The most well-known quotes are “I passed just 0.01cm from her, but 57 hours later, I fell in love with this woman.” (我們最接近的時候，我跟她之間的距離只有 0.01 公分，57 個小時之後，我愛上了這個女人。) and “Is there anything in the world that doesn’t have an expiry date? If memories could be canned, would they also have expiry dates? If so, I hope they last for centuries.” (如果記憶是一個罐頭的話，我希望這一個罐頭不會過期；如果一定要加一個日子的話，我希望是「一萬年」。), which is even adapted in another Iconic Hong Kong movie — A Chinese Odyssey Part Two-Cinderella. The first quote symbolizes the ridiculously casual romance in this packed metropolis via the 0.01 cm closeness and the 57 hours speediness. The second quote is more likely a prayer from the dirt. The film featured even a scavenger will not accept free yet expired canned food and the commonness of labeling an expire date manifests urbanites’ craving for freshness. By putting these emotions and situation under a “microscope”, it subtlety projects the 90s’and present dwellers’ romantic frustrations and wishes that can hardly express by words. Thus, these quotes became important symbols or metaphors for them and us to signify corresponding emotions, generating a set of significant and novel common langue in Hong Kong society for nearly three decades.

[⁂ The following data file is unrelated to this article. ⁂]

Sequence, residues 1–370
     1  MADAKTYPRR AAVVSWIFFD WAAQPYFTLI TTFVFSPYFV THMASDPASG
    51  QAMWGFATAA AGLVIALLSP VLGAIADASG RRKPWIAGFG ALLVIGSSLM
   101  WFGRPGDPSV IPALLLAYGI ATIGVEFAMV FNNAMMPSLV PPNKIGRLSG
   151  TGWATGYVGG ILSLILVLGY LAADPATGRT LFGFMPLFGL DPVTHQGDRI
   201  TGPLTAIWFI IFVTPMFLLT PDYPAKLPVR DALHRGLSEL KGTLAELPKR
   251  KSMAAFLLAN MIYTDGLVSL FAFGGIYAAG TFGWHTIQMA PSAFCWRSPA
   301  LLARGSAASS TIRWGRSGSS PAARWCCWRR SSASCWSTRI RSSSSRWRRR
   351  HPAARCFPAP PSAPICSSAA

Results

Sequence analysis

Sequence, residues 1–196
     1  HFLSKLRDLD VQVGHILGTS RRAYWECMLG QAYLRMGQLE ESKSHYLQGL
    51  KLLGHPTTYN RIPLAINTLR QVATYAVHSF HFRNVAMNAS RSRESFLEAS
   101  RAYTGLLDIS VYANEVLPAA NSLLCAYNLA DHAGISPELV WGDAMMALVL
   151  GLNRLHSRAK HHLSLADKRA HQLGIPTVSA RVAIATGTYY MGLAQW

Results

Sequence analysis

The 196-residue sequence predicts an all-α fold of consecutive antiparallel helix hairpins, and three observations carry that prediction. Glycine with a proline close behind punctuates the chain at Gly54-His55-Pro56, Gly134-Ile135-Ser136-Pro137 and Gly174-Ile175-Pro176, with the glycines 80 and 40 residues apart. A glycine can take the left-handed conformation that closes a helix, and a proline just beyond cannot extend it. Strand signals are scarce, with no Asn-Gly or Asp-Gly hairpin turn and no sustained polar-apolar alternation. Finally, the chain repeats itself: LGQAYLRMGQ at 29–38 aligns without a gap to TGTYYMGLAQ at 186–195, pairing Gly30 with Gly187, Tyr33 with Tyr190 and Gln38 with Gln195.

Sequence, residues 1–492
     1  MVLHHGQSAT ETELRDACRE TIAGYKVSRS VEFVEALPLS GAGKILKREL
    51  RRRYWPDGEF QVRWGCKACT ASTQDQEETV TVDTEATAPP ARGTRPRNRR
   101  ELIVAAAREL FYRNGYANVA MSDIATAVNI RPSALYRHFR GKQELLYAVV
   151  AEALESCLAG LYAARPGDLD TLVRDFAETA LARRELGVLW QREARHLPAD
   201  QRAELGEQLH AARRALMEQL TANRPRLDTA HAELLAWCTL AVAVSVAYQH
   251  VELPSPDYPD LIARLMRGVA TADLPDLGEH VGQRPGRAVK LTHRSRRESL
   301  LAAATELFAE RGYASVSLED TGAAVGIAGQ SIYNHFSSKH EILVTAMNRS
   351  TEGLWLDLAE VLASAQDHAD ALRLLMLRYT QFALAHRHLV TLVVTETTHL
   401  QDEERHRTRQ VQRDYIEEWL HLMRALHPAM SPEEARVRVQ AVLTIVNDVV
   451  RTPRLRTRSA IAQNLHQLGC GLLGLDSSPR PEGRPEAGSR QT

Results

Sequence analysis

Furthermore, the way it depicts the commonality of loneliness, refusal of emotion connection and regret in this city also gives comfort via showing understanding. The four main characters are lonely and isolated. Faye pray for salvation by playing “California Dreamin’” almost throughout the film at ear-splitting volume as it stop her from thinking, 223 and 633 project their feelings on objects — 223 asks a tired convenience-store employee rhetorically to consider how expired cans must feel like about being thrown away and 633 try to seek companions and encourage himself by having conversation with and projecting himself in several objects in his department— telling a bar of worn out soap to have more confidence for example, Lin wear both raincoat and sunglasses as she being careful for no one knows when will it rain or turn out sunny, symbolizing a kind of insecurity (Brunette, 2005). The Chungking Mansion is like Hong Kong society’s microcosm, representing Hong Kong’s diversity of ethnic groups and filled with cultural and language barrier that communication is hard and connection between people is close physically yet weak mentally for the city’s rush that refusal of emotional connection is rooted in Hong Kongers’ mentality (Brunette, 2005). For example, Lin cannot realize betrayal of the Indian gang as she does not speak Hindi. One can hardly feel belonged, and the uncertainties induce untrustworthiness and insecurity that are shared among nowadays Hong Kongers and citizen back then when the movie was launched. Lin drops the blond wig, which was also worn by the bar girl with her boss and so suggests a sort of conformity of the bartender’s racial expectations, when she kills her boss, 223 and 633 both first abandons and end up resurrecting the reconnections from their love ones — the pager for 223 and Faye’s letter for 633 (Brunette, 2005). These metaphors solace and resolve the loneliness and refusal of both the characters and Hong Kongers that there are still people who try to express their love-life trouble through posting and quoting elements from the movie.